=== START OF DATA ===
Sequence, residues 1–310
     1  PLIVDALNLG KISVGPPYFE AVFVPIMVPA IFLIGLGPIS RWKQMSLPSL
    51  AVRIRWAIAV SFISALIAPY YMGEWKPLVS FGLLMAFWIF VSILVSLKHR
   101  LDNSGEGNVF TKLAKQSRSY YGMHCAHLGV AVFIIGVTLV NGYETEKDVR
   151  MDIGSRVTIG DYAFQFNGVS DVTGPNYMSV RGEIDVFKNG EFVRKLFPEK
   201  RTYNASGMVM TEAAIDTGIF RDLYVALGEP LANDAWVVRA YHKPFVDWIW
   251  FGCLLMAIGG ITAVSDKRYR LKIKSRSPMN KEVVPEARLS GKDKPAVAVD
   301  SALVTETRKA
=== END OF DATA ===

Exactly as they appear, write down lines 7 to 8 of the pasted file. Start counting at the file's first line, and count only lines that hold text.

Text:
   251  FGCLLMAIGG ITAVSDKRYR LKIKSRSPMN KEVVPEARLS GKDKPAVAVD
   301  SALVTETRKA